In the relays, Netherlands have a chance of a minor medal in the 4x100 as have Belgium in the 4x400, though possibly medallists France and Britain respectively may have slightly better chances.
In the women's events, 100m winner Ivet Lalova could final if she can match her Helsinki heat time of 11.06. Over 200m Mariya Ryemyen would need a big improvement to make the final where new Russian champion Aleksandra Fedoriva easily looks the best from Europe after her 22.19 this weekend.
With the seven fastest Europeans in 2012, Russia will also have most of the leading contenders at 400m, along with defending champion Christine Ohuruogu, European champion Moa Hjelmer would need a huge breakthrough even to make the final.
At 800m Helsinki champion Yelena Arzhakova is a definite medal contender as is Turkey's 1500m winner Asli Cakir though Russia field six different medal contenders in the two events.
The 5000m winner Olga Golovkina has little chance while 10,000m champion Dulce Felix focuses on the marathon.
In the 3000m steeplechase, the Russians duo of world champion Yuliya Zaripova and defending Olympic champion Gulnara Galkina looking the best from the continent, but the chances of newly crowned European champion Gulcan Mingir as a potential medallist cannot be discounted.
|Irina Davydova did her growing reputation no harm
when she clinched the European 400m hurdles gold
in a world leading time of 53.77* in Helsinki.
At 400m hurdles, Irina Davydova was one of the Championships brightest stars but compatriot Natalya Antyukh took over the world lead after last week's Russian Championships.
Ruth Beita won the high jump in Finland but Anna Chicherova heads another strong Russian trio, who have superior marks to the Spaniard.
Jirina Ptacnikova is a medal contender at the pole vault, along with around eight other Europeans. France's long jump winner Eloyse Lesueur looks less of a contender where the three Russians – Anna Nazarova, Yelena Sokolova and Olga Kucherenko look particularly strong.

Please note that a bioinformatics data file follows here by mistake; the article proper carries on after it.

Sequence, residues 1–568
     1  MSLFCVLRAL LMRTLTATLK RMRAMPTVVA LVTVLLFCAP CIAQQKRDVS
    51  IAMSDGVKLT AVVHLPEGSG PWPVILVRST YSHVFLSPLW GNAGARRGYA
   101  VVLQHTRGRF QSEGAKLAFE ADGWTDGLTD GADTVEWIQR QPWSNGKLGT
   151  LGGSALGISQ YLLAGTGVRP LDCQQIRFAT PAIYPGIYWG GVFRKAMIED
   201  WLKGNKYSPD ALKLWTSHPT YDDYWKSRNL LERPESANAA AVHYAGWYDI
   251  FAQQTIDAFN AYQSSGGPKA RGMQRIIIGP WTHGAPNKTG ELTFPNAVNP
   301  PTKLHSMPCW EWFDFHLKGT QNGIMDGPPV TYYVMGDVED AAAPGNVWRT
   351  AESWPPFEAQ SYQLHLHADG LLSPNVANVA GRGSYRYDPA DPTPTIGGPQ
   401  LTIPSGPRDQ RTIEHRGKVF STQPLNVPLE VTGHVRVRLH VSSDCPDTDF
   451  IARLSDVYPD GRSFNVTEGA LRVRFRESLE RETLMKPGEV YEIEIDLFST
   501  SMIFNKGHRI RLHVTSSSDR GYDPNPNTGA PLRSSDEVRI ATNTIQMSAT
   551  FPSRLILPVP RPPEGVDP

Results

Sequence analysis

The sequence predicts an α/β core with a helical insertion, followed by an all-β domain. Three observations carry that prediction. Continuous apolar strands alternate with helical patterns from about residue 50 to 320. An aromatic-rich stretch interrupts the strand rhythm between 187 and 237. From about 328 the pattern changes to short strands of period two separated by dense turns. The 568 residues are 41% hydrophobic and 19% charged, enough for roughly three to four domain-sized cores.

Ukraine's Olha Saladuha though is one European champion who should start favourite after her 14.99m victory in the triple jump in Helsinki.
Nadine Kleinert won a low quality shot in Finland but could medal but won't remotely challenge world leader Nadzeya Ostapchuk of Belarus who is joint favourite along with Valerie Adams of New Zealand.
Europe could clean sweep in the discus where Helsinki winner Sandra Perkovic of Croatia has a great chance, and that's also the case in the hammer as has another champion Anita Wlodarczyk of Poland though in both events, Russia boasts the world leaders.
Ukraine's javelin champion Vira Rebryk may not be a certainty on the podium but as she showed in Helsinki she is well capable of springing a surprise at the big stage. Nevertheless Mariya Abakhumova, Barbora Spotakova and Helsinki silver medallist Christina Obergfoell remain the best bets for medals in London.
In the heptathlon, Ida Antoinette Nana Djimou impressed in Finland but other Europeans led by the previous European champion Jessica Ennis, defending Olympic champion Nataliya Dobrynska and world champion Tatyana Chernova are more likely contenders.
In the 4x100, Germany will be close to medals based on Helsinki form but the Ukranians have much stronger squad. The latter won the 4x400 in Finland but have little chance in London, though the Russians will be joint favourites along with the USA.
* Davydova's time of 53.77 was improved to 53.40 by Nataliya Antyukh at the Russian Championships in Cheboksary on 4 July.